shot from outside the zone. Less than a
minute later McClanahan scored off 4
two on one break away to give the New
Yorkers a two goal advantage going in-
to the locker room.
Detroit made the score 2-1 on a
Dwight Foster goal at the 10:11 mark of
the second stanza. But the Rangers
quickly came back with two goals bye
Chartois and McClanahan.
The final period was dominated com-
pletely by the Rangers as they out-
skated the Red Wings which resulted in-
numerous two on one and three on tw4
breakaways. The result was three more
Ranger goals. Red Wing coach Nick .
Polano was disappointed with his,
team's effort last night. "Not only did I'
not like losing, I was not pleased with;
the way we lost. We should have scored,
at least three times in the first period:
after that we were completely out-'
skated'and out-hustled. We didn't show
any character."

'Doily Photo by JEFF SCHRIER
Mark Mees, number one singles player on the Michigan tennis team and an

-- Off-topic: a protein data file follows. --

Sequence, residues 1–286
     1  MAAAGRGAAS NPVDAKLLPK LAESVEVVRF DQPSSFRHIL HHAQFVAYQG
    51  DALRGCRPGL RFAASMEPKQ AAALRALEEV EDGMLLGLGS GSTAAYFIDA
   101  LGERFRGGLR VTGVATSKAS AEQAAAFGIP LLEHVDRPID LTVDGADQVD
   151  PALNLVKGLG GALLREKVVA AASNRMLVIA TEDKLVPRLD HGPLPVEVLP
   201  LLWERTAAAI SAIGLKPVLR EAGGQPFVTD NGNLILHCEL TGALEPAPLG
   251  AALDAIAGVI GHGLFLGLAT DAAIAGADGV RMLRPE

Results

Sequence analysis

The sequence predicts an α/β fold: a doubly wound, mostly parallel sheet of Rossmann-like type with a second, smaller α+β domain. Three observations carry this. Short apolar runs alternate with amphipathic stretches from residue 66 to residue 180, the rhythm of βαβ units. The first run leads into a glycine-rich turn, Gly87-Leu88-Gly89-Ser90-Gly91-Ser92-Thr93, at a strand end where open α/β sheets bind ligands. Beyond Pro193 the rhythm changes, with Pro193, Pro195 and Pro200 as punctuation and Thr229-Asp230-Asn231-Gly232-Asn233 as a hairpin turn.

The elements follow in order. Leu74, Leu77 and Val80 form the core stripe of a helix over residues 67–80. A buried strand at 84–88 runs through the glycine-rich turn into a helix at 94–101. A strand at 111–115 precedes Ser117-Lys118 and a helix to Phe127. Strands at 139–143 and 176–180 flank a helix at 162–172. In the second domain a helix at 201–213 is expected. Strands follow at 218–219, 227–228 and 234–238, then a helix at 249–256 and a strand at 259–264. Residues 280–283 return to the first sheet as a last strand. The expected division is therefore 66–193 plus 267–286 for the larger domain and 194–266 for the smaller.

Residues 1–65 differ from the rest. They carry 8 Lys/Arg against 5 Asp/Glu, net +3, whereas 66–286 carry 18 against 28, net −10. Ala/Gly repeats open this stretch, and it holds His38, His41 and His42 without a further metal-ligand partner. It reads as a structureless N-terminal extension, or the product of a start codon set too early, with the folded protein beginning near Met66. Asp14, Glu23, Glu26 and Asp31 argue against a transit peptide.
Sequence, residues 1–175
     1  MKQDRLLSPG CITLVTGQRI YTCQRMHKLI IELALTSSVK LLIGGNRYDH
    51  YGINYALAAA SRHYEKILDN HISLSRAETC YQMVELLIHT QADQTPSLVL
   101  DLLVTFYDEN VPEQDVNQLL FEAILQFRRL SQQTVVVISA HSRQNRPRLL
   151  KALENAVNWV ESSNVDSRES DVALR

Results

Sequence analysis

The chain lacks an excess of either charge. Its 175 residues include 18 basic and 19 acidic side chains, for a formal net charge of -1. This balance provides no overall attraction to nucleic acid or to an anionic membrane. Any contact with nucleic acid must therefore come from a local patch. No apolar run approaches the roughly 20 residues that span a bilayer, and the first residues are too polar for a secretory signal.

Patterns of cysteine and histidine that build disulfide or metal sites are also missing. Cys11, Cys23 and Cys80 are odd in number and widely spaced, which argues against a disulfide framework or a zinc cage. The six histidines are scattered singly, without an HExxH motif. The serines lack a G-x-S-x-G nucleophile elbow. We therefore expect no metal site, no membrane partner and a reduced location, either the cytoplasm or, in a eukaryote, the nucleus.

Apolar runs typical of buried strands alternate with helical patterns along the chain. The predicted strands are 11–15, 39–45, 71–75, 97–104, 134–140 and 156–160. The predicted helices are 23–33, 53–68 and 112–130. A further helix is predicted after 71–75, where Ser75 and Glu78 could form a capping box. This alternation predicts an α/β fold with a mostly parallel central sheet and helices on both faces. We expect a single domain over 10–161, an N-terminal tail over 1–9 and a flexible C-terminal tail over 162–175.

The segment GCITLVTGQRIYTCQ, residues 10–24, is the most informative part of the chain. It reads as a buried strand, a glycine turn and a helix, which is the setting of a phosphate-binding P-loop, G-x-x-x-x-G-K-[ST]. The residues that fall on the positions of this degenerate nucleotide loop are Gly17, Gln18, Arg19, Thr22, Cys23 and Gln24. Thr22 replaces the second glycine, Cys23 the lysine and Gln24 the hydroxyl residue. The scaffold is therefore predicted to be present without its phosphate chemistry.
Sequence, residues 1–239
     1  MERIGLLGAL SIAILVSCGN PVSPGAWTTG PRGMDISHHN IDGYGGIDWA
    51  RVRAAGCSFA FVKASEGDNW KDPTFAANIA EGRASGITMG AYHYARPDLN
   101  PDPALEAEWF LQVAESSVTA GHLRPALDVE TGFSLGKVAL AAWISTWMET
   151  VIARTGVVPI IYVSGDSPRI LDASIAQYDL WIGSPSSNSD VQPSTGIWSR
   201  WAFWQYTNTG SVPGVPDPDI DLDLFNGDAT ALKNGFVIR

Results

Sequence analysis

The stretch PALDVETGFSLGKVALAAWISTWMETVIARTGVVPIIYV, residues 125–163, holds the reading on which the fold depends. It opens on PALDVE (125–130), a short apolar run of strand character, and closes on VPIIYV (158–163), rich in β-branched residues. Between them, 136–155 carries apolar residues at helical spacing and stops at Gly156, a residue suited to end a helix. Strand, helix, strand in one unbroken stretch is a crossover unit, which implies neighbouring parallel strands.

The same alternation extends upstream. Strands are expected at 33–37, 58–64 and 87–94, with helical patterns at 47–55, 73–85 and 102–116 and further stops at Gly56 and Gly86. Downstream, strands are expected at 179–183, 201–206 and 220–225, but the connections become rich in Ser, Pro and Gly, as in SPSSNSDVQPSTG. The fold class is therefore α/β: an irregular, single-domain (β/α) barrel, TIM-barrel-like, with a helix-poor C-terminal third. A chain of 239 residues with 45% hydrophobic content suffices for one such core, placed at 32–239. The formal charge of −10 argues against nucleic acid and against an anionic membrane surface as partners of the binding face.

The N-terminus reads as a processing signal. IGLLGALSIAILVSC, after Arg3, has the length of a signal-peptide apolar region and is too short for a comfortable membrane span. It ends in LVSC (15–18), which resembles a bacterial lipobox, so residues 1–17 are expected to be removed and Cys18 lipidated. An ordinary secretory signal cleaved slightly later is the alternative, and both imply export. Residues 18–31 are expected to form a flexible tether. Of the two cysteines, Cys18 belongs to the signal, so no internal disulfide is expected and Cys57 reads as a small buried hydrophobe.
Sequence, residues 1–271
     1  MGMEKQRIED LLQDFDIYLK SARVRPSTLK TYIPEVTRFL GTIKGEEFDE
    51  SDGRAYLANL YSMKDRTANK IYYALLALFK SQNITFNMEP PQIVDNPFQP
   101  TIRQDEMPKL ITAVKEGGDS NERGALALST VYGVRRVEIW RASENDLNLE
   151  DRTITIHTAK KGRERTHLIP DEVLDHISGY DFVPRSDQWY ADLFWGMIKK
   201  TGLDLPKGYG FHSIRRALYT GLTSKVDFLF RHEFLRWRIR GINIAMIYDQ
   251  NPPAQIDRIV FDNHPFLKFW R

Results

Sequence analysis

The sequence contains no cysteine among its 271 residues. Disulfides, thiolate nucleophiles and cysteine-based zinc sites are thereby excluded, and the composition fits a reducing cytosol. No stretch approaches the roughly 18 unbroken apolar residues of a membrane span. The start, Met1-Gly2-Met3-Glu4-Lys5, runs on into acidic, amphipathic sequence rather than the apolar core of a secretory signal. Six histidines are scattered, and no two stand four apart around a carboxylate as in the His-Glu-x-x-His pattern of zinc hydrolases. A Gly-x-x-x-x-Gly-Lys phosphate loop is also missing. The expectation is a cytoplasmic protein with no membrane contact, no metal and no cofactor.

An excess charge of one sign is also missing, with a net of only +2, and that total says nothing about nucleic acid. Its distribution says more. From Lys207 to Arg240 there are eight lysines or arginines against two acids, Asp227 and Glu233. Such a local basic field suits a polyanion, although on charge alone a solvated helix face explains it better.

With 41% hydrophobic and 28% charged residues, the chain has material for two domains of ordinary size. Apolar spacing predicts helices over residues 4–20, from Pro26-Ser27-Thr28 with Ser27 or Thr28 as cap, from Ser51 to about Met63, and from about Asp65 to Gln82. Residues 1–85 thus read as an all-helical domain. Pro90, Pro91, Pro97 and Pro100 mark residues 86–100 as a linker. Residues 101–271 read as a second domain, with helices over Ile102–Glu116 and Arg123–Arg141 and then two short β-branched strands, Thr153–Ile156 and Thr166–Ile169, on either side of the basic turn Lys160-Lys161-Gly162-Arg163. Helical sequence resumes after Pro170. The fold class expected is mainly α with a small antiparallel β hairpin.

avid sports fan, is one of the few spectators at an early season baseball
game last year. The senior hopes eventually to be a tennis coach.

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Matehefts choosing playoff teams

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By MIKE MCGRAW
The four-man committee that chose
the eight participants in the NCAA
hockey tournament last week had quite
a Michigan flavor to it. Wolverine
hockey coach John Giordano was one
member of the panel and another, Air
Force coach John Matchefts, is a 1953

LSAT
JUNE 20th EXAM

GIORDANO WAS the only member of
the panel to vote for the Falcons, as
Matchefts and the other two panel
members, Fern Flamar of Nor-
theastern and Boston University
athletic director John Simpson, favored
UMD.
The job of selecting eight teams out of
over 50 college teams is understandably
difficult and Matchefts has seen
situations like that which occurred this
year many times.
"I've been on the committee seven
out of the last eight years and there's
been a lot of controversy," said the
Eveleth, Minnesota native. "It would
be easier to include more teams in the
tournament but the NCAA likes to have
a ratio of about one out of every eight
teams go to its tournament.
"THE PROBLEM with selection this
year has been the closeness in all the
leagues. The competitiveness has been
tremendous," he continued. "In the
WCHA, they had an overwhelming

season. I think there is no question that
their top four teams were among the
top eight in the country."
Matchefts, who is in his ninth year as